Cold and Cough Medicine Potential Hazards. The U.S. Centers of Disease Control and Prevention (CDC) issued a warning today about the potential hazards of administering over-the-counter cough and cold medicine to infants. Citing the deaths of three infants associated with the drugs, the CDC urged all parents to consult with medical professionals before giving the medicine to their young children.
In the Morbidity and Mortality Weekly Report published today, the CDC notes, “Cough and cold medications that contain nasal decongestants, antihistamines, cough suppressants, and expectorants commonly are used alone or in combination in attempts to temporarily relieve symptoms of upper respiratory tract infection in children aged [less than] 2 years. However, during 2004-2005, an estimated 1,519 children [under the age of 2] years were treated in U.S. emergency departments for adverse events, including overdoses, associated with cough and cold medications.”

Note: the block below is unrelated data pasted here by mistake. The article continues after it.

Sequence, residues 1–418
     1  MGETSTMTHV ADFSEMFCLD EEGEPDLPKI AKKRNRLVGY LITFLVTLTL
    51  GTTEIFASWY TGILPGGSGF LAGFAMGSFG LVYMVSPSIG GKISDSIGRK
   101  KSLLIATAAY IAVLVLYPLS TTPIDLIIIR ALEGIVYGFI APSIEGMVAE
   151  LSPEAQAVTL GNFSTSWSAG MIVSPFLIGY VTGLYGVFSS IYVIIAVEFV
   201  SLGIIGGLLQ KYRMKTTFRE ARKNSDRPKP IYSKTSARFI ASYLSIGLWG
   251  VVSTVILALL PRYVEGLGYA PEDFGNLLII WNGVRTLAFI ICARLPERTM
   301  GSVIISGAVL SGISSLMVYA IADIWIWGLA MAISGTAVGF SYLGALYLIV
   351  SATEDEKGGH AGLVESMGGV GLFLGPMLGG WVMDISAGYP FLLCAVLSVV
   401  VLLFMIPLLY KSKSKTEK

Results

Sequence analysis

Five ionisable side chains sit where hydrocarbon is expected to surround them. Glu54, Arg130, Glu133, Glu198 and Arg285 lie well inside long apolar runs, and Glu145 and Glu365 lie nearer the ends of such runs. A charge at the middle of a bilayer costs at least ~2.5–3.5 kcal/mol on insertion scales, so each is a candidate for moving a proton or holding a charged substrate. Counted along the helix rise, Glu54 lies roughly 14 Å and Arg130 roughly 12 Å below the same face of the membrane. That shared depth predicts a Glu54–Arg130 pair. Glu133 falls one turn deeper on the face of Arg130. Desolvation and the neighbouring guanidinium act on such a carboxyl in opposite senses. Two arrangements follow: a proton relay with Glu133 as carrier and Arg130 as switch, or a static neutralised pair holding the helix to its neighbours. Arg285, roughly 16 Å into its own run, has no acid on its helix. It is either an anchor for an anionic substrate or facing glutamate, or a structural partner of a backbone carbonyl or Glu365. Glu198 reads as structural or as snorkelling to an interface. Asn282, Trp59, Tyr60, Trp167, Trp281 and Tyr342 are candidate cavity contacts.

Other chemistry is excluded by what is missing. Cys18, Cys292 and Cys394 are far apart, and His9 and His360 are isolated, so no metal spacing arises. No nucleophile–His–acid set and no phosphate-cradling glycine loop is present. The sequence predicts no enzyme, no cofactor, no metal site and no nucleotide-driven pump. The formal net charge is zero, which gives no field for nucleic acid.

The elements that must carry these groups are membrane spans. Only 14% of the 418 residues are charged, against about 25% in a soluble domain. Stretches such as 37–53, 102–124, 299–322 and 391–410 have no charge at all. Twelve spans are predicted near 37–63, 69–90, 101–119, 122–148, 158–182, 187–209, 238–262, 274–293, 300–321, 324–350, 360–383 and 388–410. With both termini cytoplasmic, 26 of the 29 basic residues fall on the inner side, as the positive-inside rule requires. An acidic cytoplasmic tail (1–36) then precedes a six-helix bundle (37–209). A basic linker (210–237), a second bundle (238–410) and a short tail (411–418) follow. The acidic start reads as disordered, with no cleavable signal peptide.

The CDC’s report “identified deaths of three infants aged 6 months [and under] in 2005
The CDC’s report “identified deaths of three infants aged 6 months [and under] in 2005, for which cough and cold medications were determined by medical examiners or coroners to be the underlying cause.” (The FDA has not set a target dosage for children in that age group because it has not been proven that these medications are effective in treating that cohort.)
Last year, the American College of Chest Physicians advised health-care providers to refrain from recommending over-the-counter cough medications for young children because of the associated risks of severe adverse effects. According to the CDC, “Caregivers should only administer cough and cold medications to children in this age group when following the exact advice of a clinician. Clinicians should be certain that caregivers understand 1) the importance of administering cough and cold medications only as directed and 2) the risk for overdose if they administer additional medications that might contain the same ingredient.”
The CDC recommends saline nose drops or a cool-mist humidifier, followed by the use of a rubber suction bulb, as a safer treatment alternative.